an enterprise and innovation hub at the University of Westminster that champions and enables student entrepreneurship, and provides comprehensive support for students and graduates pursuing self-employment and entrepreneurial graduate pathways. CEC was commissioned, as part of a new initiative, to launch and showcase the University’s entrepreneurial designers, makers, creators and crafters crossing a variety of artistic disciplines and endeavours. Fashion, photography, applied arts, ceramics and illustration came together in a celebration of colour, print and texture within the gallery. While the week was the final culmination of the POP UP, its story actually started three months before as Shiela Birungi, manager of the CEC explains: “The Pop Up project was initiated in August, following the successful running of an on-campus popup shop. “The purpose of the project was not only to showcase the university’s entrepreneurial and creative talent, but also to serve as an experiential learning project. The idea was to have something where students and graduates learn and develeop by actually ‘doing’. This can be from creating and brand to building a product with a definable, growing and realisable customer base to sell to.
This differs to the traditional classroom based enterprise learning approaches.” She continues: “The opportunity to participate in the Westminster POP UP was advertised as an open call application process open to all students and graduates. To apply, students had to submit evidence of study and understanding of their target customer bases, as well as showing that their creative craftsmanship and ideas were backed up by viable business models that could scale into sustainable businesses. “Our final eight were invited to develop their entrepreneurship attributes and grow and launch their brands and businesses. They enrolled into a preparatory accelerator programme of workshops and one-to-one appointments with business advisors and field experts. They covered topics on branding, merchandising, tax, accounting and book-keeping and networking. “Each entrepreneur also received a grant of modern work
£250 to develop their response to the platform, in addition to a year’s membership of Creative Entrepreneurs. ” By taking it outside of the university environment, and setting up in a central London gallery, the CEC provided the perfect showcase to an audience of both local residents and commercial buyers for the week. This gave them the opportunity to demonstrate their commitment and re-enforced their focus to help them outside of the higher educational sphere. The POP UP’s tenure at York Street proved to be a sight for tired eyes and a feast for the senses in the lead up to Christmas. Visitors to the shop were greeted by work from entrepreneurs including:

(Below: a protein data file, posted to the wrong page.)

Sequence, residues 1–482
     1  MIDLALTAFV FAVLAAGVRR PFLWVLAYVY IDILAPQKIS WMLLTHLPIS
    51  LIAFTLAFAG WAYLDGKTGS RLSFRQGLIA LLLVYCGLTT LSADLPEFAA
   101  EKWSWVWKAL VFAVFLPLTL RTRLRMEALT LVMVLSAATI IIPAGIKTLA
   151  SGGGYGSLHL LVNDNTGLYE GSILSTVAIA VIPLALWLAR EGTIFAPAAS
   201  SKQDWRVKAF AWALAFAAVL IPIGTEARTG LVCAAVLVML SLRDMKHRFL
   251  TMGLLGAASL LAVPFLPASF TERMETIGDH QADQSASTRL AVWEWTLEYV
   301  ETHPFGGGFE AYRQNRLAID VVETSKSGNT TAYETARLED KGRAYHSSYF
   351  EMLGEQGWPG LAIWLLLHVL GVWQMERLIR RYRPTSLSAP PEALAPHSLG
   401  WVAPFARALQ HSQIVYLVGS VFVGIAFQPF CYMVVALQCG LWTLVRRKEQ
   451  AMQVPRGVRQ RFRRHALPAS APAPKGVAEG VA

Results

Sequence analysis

There were a range of current and new collections spanning the walls of the gallery. And for some, it was the first time they had formally exhibited. As Sarah Elliott noted: “The Westminster Pop Up shop was an amazing opportunity for me to share and promote my brand to a more sophisticated audience, as well as learn the process behind creating an event like this. Without the funding and workshops provided, I wouldn’t have been able to take part in such an experience, which I am very grateful for.” Manimekala Fuller echoed her thoughts when she said: “As a recent graduate establishing my own fashion brand, breaking into the industry is really daunting and having the university’s support is invaluable. The Westminster Pop Up
was an exciting opportunity to showcase and sell my brand, in a beautiful location alongside fellow young artists and designers.” All purchases made during the week went directly to the exhibiting emerging creative entrepreneurs to support the growth of their craft and businesses. And following the success of this year’s inaugural POP UP, the CEC is already looking to host it again in 2019. As the CEC grows and establishes itself in the university, the aim is to come back with an even bigger and broader range of impressive entrepreneurs. For further details about the entrepreneurs involved in the Westminster POP UP 2018, visit https://www.westminsterpopupproject.info/ Shiela Birungi, manager of the Creative Enterprise Centre can be contacted at email@example.com
• Sarah Elliott (Illustration) • Charlie Handley (Photography) • Chloe Hughes (Photography) • Manimekala Fuller (Fashion) • Gea Nicola (Fashion) • Manon Planche (Fashion) • Yohana Puleva (Mixed Media) • Muzafar Tufail (Men’s Swimwear) January/February 2019
o t e d i u g s ’ r e c n a l e e d e d r a l F y t r e p o r p e h t on freelancer’s income in order to demonstrate affordability. The income should be defined via gross contract earnings rather than personal taxable income for the most favourable affordability outcome.
By Jonathan Lima-Matthews